runways for launching the radiosonde balloon. With the onset of winter,
balloon releases in the more frequent strong winds became more hazardous
and more frustrating. An eastern Montana winter, with temperatures
well below zero and gale-force winds blowing dust from the snow-free
terrain, convinced Kay that there were better places to be for a weather
gal even if it was in arctic Alaska. Her researches of weather and
climate data convinced her that McGrath, in central Alaska, would
be suitable, so she and Walt applied for transfer and were soon accepted.
So, some time during the night in early July of 1944, the Highberg
family left Glasgow on their new adventure. It started uncomfortably
for the train was chock-full. The conductor found a vacant space for
the youngster and a pair of camp stools for his parents. After stopping
off at Spokane for a week or two of leave, the family set off for
Seattle to go through the red tape necessary to get to Alaska, which
was still designated as a war zone, although the Japanese had been
thrown out of the Aleutians more that a year before.
Travel up the Inside Passage on the S. S. Alaska
was stimulating, but restful, although passage across open water in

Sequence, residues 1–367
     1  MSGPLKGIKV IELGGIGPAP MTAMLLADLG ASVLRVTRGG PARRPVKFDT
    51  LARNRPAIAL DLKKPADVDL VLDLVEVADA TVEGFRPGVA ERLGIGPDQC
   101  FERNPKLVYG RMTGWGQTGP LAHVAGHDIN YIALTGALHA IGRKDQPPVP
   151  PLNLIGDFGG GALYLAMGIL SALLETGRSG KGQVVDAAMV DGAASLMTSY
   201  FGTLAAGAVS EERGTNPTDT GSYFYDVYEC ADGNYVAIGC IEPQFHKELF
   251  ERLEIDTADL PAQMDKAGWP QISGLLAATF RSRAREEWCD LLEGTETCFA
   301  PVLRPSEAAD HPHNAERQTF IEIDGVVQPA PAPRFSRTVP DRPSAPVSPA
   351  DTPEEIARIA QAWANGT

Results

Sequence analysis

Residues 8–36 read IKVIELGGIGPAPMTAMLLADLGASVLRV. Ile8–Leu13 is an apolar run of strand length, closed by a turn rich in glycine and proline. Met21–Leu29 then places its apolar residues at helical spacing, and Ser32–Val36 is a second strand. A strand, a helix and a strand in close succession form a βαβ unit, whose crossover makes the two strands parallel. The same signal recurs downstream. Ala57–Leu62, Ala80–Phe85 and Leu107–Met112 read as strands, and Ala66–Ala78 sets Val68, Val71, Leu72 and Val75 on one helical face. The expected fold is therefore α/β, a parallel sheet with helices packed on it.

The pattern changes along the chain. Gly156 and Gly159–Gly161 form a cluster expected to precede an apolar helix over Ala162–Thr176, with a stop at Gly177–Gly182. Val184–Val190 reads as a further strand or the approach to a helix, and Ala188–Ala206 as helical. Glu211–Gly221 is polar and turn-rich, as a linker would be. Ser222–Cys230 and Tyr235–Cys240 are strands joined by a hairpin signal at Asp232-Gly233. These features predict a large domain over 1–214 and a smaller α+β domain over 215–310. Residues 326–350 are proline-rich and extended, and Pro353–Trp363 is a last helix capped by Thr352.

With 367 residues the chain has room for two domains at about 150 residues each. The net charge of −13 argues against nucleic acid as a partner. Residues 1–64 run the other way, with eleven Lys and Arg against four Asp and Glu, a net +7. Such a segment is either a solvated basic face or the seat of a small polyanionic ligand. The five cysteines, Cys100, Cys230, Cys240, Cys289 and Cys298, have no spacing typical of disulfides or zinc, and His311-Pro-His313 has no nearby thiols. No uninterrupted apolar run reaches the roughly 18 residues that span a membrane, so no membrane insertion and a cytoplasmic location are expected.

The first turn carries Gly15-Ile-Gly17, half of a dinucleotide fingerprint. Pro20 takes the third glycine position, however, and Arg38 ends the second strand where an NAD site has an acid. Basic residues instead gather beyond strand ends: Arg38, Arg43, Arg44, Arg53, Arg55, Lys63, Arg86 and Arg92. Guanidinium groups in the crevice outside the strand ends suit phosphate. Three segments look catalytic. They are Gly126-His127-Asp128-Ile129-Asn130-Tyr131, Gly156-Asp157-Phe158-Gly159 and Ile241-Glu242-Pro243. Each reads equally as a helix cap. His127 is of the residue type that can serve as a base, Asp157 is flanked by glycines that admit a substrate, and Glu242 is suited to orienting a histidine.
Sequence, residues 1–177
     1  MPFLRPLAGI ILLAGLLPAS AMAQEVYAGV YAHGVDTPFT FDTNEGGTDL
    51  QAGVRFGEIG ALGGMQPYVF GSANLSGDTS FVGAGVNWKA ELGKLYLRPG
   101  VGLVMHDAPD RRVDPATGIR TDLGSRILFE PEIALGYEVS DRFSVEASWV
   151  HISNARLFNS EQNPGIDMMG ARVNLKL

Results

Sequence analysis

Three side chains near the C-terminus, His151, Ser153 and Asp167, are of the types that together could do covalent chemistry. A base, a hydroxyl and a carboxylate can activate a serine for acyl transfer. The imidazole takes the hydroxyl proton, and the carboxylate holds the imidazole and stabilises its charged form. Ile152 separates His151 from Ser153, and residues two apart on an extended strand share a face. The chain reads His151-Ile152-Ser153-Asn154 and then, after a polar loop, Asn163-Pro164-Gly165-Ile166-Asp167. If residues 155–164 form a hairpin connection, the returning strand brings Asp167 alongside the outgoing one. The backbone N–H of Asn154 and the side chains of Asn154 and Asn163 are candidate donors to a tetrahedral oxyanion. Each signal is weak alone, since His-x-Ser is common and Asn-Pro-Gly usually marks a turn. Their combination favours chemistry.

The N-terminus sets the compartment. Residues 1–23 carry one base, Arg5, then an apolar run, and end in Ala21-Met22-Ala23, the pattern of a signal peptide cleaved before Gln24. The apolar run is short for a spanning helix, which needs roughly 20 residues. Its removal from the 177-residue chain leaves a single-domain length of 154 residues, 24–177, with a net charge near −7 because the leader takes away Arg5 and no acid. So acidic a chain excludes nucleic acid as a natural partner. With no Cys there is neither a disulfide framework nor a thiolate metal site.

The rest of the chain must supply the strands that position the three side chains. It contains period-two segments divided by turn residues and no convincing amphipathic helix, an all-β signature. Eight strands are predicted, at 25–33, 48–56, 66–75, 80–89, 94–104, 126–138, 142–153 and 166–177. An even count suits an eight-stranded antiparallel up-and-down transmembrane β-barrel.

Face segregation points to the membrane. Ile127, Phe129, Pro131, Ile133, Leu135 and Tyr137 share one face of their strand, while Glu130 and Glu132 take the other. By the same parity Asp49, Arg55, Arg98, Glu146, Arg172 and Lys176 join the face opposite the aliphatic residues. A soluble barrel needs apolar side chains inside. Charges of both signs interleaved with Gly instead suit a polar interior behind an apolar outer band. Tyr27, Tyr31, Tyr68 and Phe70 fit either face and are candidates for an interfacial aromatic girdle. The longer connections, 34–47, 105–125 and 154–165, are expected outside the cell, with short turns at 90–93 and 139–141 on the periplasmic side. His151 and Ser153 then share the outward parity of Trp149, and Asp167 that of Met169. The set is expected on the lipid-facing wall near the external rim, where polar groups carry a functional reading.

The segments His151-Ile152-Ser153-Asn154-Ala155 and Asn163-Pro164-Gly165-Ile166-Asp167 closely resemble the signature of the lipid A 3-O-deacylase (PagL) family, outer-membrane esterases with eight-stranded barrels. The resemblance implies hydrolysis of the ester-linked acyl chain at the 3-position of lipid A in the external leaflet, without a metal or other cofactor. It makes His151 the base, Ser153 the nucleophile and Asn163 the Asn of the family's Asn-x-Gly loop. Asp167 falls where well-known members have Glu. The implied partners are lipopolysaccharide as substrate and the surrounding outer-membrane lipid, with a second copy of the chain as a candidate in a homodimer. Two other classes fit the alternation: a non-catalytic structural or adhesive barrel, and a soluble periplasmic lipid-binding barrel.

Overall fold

the Gulf of Alaska necessitated blackout and restrictions on radios.
A Navy crew on board manned a gun and a depth charge thrower in this
area. After a one-day stopover in Anchorage, the Regional Office,
they were on their way to McGrath.
Their plane, a Lockheed Vega, was jammed with freight,
two Eskimo ladies, and the Highbergs. The two Eskimos had cartons
on their laps, Kay held the boy and Walt cuddled a 50-pound tractor
bullgear. After tossing back a few "urp-cups" to his laden passengers,
the pilot roared down the runway and banked sharply, heading for Rainy
Pass through the Alaska Range. McGrath, situated on a meander loop
of the Kuskokwim River was almost entirely surrounded by the river,
with the three ends of the T-shaped runways nearly at the water's
edge. The CAA community consisted of ten houses, four occupied by